Dear Younger Me

Inspired by a talk with 

Daryce

If you had the chance to have a chat with the younger version of yourself, what would you tell them? Do you think your conversation would be more casual, like meeting up with an old friend? Or more assertive, like warning and demanding. We’ve all had those moments of, ‘if I knew then what I know now’ so naturally if we got to talk to a younger version of ourselves, we’d want to stir them in a better direction; perhaps one that avoids our mistakes of the past.  

What if you could do so? And not by using some sort of magical time-turner but in actuality.  

Well…if you are a parent, chances are you already do.  Through parenting, most people are introduced to their inner-child; generally speaking,  parents bare a part of themselves into their offspring.  But even if you don’t have children, you still are parenting in a sense…because deep down, our inner child is still with us. And within that inner-child lies the depth of our character—who we are.

   

Take a moment and think back on your childhood days…

Who were you?

How did you feel?

What did you need?

Often when we dig this deep,  we find not only fond memories but also pain. It’s easy to rejoice in the happy moments but harder to recognize the more difficult ones. If we are honest with ourselves, we can acknowledge that a direct root of our present trials and troubles stem from a malnourished part of our inner-child. And gone un-fed, this type of starvation becomes fatal…creating fragile children and ultimately broken adults.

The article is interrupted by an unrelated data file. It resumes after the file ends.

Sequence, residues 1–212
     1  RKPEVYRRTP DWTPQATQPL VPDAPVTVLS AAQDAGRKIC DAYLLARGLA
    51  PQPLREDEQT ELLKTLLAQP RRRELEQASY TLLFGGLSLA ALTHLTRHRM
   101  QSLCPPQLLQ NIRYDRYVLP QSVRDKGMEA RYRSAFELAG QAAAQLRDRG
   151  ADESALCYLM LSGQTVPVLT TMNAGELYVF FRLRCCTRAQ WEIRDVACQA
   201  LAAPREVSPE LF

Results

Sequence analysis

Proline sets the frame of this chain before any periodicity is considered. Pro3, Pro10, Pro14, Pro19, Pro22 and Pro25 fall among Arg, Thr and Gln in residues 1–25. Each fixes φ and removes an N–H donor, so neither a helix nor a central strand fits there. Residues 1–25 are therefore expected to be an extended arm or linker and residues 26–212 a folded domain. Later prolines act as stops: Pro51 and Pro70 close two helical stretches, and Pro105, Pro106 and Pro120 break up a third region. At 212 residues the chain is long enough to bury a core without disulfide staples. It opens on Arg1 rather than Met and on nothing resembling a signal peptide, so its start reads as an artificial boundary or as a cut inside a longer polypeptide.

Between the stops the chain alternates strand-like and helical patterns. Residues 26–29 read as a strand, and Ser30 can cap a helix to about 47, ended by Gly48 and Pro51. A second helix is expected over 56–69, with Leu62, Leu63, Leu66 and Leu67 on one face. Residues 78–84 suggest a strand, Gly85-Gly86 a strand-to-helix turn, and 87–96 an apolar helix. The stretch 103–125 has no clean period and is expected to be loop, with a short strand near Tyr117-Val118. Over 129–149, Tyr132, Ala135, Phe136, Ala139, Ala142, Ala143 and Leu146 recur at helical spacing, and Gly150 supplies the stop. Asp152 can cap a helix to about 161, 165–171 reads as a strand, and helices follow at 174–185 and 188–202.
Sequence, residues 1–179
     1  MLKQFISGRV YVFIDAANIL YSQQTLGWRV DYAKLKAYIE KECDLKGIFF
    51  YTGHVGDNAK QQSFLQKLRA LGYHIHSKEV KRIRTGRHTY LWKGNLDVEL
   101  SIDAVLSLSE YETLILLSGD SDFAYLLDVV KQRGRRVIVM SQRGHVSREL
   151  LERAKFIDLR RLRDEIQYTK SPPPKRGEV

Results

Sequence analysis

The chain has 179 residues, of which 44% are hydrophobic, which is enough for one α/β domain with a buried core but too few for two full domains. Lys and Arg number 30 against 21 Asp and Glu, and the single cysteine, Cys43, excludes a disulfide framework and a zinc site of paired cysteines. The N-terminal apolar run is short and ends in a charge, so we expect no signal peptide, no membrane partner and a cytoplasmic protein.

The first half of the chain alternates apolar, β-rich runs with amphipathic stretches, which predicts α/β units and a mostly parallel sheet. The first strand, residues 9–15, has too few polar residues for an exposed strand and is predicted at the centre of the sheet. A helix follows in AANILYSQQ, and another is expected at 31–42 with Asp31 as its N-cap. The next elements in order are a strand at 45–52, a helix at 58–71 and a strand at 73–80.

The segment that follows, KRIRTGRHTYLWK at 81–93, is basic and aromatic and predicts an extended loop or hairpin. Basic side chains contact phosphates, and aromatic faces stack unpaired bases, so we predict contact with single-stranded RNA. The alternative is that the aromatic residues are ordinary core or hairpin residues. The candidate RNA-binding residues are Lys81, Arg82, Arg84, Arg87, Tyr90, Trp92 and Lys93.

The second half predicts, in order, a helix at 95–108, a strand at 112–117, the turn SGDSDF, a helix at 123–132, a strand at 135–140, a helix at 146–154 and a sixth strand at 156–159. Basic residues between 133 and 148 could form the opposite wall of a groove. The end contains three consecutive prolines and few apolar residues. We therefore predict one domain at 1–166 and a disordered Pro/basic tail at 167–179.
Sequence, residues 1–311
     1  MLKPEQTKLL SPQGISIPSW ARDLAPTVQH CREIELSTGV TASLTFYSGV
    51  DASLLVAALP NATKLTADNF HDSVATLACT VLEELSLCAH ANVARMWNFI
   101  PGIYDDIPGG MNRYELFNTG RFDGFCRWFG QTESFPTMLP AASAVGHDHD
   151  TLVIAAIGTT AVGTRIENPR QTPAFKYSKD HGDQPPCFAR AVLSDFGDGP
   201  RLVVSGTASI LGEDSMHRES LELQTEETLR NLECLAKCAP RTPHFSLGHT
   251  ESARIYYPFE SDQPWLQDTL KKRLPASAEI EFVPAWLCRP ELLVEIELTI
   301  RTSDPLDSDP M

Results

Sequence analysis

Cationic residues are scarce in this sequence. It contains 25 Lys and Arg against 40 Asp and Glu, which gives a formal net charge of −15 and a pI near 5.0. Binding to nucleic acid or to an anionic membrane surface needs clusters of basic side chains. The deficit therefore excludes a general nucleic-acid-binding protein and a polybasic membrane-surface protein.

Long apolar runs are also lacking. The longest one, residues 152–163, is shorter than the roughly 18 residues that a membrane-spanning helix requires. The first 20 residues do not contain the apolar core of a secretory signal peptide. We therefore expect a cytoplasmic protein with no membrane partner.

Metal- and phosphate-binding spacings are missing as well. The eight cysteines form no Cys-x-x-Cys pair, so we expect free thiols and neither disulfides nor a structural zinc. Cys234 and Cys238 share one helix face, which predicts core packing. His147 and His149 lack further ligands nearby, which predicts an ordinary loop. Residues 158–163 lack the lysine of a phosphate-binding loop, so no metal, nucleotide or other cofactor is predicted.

As a child, when we don’t get what we want we cry and act out; and as an adult, we do the same. However, the consequences of doing so carry more weight. What’s once seen as cute and kid-like behavior becomes toxic and spiritually-infectious. 

But what do we do?

The key is to first recognize those traits and feelings. A gravely ill person does not heal without first recognizing the sickness and then seeking help.  In the same way, use information learned in a way that helps you heal and parent your inner child. 

Tell him/her what you needed to hear back when you were a kid.  Uproot suppressed childhood feelings. Try writing yourself a letter—a ‘dear younger me’; ask yourself- ‘how can the you of today, nurture your inner-child of yesterday’? Offer your younger self the words of encouragement you always needed. 

 Part of growing and learning is realizing no one was handed a royal flush. YOU are responsible for your happiness. So we must be kind to ourselves, for then we can produce kindness in the world.

-Marcus

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